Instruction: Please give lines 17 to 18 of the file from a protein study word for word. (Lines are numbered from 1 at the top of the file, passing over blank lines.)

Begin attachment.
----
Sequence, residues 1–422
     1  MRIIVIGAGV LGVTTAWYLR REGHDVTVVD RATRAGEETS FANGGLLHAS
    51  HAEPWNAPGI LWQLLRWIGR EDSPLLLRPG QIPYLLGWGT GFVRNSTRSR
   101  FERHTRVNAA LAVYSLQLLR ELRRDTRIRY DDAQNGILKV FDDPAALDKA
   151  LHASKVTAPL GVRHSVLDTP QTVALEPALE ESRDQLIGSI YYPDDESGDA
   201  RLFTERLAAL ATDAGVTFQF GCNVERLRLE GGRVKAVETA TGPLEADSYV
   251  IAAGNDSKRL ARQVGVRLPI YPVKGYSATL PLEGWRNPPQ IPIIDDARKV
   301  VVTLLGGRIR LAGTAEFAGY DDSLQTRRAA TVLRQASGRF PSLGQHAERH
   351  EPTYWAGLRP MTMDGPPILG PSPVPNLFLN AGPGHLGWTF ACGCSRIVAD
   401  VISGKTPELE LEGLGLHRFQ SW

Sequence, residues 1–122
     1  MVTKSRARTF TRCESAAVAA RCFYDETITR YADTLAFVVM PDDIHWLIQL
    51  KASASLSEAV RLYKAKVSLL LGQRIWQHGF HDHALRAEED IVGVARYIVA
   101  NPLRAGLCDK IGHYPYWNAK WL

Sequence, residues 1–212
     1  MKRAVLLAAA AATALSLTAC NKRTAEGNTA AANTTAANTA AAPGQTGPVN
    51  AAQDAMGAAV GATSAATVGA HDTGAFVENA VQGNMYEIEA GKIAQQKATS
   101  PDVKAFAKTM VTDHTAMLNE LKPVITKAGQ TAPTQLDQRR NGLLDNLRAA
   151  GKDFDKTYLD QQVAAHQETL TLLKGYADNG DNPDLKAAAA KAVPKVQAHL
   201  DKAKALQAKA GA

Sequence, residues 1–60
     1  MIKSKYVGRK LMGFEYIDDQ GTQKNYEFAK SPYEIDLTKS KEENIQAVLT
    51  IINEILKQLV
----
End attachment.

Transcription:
    51  AAQDAMGAAV GATSAATVGA HDTGAFVENA VQGNMYEIEA GKIAQQKATS
   101  PDVKAFAKTM VTDHTAMLNE LKPVITKAGQ TAPTQLDQRR NGLLDNLRAA